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China's consumers keep their wallets in lockdown as Covid-19 curbs ease

A staff member wipes a seat at a restaurant, following a ban on dine-in services amid the Covid-19 outbreak, in the Central Business District of Beijing, China on June 2, 2022.

A staff member wipes a seat at a restaurant, following a ban on dine-in services amid the Covid-19 outbreak, in the Central Business District of Beijing, China on June 2, 2022.

BEIJING — China's sputtering economy has a lot riding on its consumers, who are just now emerging from lockdowns in Shanghai and other big cities. But those hopes are running up against the likes of Mr Wu Lei, a soccer coach in Beijing who has put off buying a new mobile phone.

"I've lost the lion's share of my income since Beijing called a stop to after-school sports clubs in April," said Mr Wu, a 37-year-old with two daughters. The five-week-long near-shutdown of the Chinese capital under China's stringent Covid-19 measures was eased on Monday.

China is moving to spur spending that was depressed by Covid-19 curbs in some of its biggest cities, but piecemeal measures such as vouchers, subsidies for car buyers and digital yuan payments have been modest compared with other big global economies.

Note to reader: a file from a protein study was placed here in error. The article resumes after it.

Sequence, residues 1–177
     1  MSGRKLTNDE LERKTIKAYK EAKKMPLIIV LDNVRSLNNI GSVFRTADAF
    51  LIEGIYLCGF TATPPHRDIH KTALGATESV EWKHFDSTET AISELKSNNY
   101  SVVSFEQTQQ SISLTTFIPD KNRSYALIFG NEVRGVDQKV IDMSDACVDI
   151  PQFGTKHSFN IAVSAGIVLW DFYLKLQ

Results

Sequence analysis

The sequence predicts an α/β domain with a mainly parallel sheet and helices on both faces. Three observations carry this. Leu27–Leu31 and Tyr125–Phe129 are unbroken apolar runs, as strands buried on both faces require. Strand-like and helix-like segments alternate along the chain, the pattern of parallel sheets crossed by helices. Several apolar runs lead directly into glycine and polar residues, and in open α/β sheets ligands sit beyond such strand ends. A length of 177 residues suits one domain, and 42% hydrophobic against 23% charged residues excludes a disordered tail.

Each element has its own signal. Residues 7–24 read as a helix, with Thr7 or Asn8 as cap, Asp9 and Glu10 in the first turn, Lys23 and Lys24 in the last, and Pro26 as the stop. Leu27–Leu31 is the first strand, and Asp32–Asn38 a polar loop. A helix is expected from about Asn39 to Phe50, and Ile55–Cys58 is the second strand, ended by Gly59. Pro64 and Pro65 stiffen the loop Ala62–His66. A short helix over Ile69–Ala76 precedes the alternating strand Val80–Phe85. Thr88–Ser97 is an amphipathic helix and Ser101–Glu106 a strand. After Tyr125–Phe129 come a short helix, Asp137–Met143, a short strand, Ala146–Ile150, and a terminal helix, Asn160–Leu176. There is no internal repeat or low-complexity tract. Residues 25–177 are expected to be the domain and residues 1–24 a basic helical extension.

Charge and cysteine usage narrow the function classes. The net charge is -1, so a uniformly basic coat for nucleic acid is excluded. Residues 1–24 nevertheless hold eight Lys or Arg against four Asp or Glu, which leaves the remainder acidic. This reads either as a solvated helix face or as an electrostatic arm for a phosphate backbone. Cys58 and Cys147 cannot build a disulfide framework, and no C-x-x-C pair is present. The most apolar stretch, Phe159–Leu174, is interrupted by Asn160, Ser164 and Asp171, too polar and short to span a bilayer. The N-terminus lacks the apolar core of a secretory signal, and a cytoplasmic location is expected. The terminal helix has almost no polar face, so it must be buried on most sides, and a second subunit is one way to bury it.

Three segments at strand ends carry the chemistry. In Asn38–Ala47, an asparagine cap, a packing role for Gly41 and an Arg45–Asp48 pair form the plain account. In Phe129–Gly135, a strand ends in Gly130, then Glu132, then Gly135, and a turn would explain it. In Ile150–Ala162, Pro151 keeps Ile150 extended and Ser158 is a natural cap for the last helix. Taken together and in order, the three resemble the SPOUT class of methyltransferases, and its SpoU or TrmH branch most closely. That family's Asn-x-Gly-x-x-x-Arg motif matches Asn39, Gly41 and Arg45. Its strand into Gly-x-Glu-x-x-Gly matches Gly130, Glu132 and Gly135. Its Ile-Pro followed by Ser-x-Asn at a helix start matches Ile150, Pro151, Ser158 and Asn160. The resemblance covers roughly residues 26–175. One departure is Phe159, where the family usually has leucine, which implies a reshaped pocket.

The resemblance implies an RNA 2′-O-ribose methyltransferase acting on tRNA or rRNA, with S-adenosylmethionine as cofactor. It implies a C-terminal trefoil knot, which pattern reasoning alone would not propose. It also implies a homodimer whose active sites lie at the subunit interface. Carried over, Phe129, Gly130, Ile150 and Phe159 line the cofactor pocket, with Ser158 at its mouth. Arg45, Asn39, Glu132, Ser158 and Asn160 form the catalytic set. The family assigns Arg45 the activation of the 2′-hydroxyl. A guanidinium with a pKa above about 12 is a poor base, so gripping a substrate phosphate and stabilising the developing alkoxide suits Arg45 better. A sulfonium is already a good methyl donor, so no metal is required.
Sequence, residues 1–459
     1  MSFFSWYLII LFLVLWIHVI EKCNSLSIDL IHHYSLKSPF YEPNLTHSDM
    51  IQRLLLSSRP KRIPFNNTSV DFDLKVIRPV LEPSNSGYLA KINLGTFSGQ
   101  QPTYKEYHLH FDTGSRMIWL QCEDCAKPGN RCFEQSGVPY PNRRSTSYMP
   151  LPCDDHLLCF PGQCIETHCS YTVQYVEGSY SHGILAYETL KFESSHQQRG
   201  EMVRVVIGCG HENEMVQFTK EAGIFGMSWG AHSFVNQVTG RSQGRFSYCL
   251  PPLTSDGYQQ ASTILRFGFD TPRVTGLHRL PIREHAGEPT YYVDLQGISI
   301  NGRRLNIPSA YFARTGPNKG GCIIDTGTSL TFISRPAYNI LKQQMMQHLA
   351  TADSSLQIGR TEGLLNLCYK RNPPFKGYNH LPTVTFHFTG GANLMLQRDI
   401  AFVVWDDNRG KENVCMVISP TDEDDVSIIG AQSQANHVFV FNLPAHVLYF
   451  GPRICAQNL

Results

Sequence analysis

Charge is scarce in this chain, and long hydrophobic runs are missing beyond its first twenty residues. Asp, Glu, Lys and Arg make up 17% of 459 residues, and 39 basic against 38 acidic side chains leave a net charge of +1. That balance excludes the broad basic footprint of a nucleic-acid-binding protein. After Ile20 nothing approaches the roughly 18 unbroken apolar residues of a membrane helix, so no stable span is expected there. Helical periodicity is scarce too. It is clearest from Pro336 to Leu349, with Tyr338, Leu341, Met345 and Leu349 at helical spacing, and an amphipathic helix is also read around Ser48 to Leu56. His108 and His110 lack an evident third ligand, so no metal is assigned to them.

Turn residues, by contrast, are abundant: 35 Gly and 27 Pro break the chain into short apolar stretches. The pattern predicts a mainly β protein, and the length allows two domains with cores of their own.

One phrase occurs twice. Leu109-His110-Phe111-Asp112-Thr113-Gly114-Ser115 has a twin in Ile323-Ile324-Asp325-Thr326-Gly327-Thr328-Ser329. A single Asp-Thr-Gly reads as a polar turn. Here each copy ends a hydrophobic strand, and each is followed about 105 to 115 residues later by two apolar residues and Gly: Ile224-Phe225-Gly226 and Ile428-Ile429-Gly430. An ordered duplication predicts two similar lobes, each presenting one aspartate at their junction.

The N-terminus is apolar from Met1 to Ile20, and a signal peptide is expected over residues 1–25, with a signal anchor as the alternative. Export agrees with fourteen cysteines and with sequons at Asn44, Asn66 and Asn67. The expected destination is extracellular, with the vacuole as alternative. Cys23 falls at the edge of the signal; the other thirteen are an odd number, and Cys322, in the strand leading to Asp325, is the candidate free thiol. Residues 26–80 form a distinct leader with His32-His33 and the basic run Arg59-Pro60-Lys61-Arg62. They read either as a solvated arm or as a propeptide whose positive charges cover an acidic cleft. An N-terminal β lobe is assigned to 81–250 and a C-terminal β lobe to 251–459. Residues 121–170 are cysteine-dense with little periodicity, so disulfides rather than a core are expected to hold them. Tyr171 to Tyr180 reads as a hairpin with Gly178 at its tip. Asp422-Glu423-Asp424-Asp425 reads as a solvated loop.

Policymakers have instead stuck to their preferred approach to stimulus, which focuses on businesses and infrastructure.

Those measures, analysts said, will not be enough to drive a recovery in consumer spending, which accounted for more than two-thirds of first-quarter growth in China's economy, as it rebalances away from a heavy dependence on exports and investments.

That will, in turn, impede the strength of recovery in the world's second-largest economy, a crucial engine of global growth.
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